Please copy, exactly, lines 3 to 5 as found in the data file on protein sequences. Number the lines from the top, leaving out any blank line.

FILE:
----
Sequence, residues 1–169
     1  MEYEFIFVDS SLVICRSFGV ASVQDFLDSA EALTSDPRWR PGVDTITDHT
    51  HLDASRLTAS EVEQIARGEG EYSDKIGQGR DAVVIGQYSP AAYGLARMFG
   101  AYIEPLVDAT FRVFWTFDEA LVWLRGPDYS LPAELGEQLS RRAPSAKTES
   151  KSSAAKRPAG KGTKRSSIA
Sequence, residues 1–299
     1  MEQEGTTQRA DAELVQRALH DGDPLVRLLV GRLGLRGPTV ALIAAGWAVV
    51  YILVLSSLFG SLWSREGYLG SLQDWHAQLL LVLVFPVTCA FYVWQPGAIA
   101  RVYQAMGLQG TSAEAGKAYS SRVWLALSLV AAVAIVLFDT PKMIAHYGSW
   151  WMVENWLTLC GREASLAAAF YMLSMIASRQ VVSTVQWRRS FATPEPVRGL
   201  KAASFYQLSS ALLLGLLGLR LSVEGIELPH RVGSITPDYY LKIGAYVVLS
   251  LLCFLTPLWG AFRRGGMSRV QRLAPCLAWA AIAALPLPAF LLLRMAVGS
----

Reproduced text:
    51  HLDASRLTAS EVEQIARGEG EYSDKIGQGR DAVVIGQYSP AAYGLARMFG
   101  AYIEPLVDAT FRVFWTFDEA LVWLRGPDYS LPAELGEQLS RRAPSAKTES
   151  KSSAAKRPAG KGTKRSSIA